It is not the grand, noble accomplishments that are the most profoundly valuable to God. It is the unnoticed, the invisible practicing of being faithful, courageous when no one else is looking, that become the jewels of our faith in the eyes of God.

Accepting a loud, boisterous child and seeking to be patient and gentle over and over again, when feelings threatened to erupt into frustration and anger.

Working beyond exhaustion and getting up in the middle of the night, again, for a sick child, when there was no one to help or anyone to be a friend, through all of the moves and loneliness.

Enduring by choice the heavy burdens of the tests of marriage.

Cleaning up messes one more time. Making one more homemade meal and drawing the family circle together to celebrate life, reflecting the real vibrant life of God, when a nap or getting far away seemed more desirable. Having one more devotional in the midst of wiggly, distracted children and believing that somehow eternity was entering their hearts.

These, and more, are the noble and valiant, priceless works of motherhood. The unseen heroism that captains a ship successfully through the dark storms of life--bringing hope, and security to the lives of those making the journey--courage and strength in the face of storms is the choice that a mom makes which deeply touches the soul and heart of the child being guided and sheltered through the storms.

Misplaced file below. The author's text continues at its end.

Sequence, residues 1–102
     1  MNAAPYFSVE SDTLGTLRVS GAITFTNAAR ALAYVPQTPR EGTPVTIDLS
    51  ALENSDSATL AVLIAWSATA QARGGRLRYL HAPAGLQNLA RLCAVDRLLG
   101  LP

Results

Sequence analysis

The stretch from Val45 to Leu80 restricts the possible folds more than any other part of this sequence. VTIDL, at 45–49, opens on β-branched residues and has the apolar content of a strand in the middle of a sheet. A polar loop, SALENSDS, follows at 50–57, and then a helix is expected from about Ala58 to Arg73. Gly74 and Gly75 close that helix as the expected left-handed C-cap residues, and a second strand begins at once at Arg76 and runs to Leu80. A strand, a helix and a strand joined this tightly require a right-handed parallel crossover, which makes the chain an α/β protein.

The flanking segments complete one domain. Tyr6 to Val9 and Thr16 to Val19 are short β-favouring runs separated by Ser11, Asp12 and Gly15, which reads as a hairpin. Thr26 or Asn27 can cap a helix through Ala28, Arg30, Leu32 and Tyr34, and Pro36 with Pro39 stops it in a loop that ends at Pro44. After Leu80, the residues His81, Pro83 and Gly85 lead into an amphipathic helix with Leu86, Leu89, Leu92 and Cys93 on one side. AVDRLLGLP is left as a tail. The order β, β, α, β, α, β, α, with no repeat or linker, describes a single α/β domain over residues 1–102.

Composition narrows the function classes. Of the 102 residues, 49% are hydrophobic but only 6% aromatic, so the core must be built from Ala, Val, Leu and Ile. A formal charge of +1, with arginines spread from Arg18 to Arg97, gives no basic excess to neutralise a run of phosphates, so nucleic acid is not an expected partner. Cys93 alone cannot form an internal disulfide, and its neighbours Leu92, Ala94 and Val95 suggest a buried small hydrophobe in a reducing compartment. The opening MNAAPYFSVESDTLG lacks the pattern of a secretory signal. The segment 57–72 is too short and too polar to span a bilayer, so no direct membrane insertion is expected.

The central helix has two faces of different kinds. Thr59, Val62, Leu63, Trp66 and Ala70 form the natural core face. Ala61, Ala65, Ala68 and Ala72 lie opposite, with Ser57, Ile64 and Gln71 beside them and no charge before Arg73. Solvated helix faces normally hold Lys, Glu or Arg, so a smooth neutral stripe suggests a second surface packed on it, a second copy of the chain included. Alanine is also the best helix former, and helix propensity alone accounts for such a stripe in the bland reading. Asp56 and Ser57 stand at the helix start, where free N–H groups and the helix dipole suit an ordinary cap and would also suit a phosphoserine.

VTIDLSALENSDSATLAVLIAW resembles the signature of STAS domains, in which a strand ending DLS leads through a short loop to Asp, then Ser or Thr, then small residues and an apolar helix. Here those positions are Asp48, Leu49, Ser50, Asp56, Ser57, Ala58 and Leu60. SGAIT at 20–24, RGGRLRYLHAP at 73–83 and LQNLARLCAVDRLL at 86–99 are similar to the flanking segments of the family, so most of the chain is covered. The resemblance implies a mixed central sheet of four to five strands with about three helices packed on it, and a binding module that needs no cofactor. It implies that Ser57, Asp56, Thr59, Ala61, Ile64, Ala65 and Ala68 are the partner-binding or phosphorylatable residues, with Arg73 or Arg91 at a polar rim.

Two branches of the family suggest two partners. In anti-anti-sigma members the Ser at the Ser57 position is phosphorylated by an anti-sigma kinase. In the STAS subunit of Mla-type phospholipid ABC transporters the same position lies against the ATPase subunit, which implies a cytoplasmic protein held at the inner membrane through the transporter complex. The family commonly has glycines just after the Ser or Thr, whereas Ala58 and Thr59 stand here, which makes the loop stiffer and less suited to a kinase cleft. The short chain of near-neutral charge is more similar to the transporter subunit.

I can see this now in the lives of my children. When I would worry that the instability of our family life would ruin them, or my flaws would harm them, the Holy Spirit was making them strong, showing them how to exercise muscles of faith in dark situations.

The words and heart of my child was salve to my soul--it all mattered, each day, each moment of faith, each decision to keep loving and giving against all force of selfishness. Somehow, God took the sacrifice of my fish and loaves and made it enough.

And the words of an adult child, returned home, became the voice of God, encouraging--

For God is not unjust so as to forget your work and the love which you have shown toward His name, in having ministered and in still ministering to the saints. Hebrews 6:10

And so, somehow, many failures forgotten and discouraging moments lived through, the Life of God and the strength He gave in the face of strong winds of temptation and fear with faith lived out, became in my child, a strong work of heart that gave foundations of faith.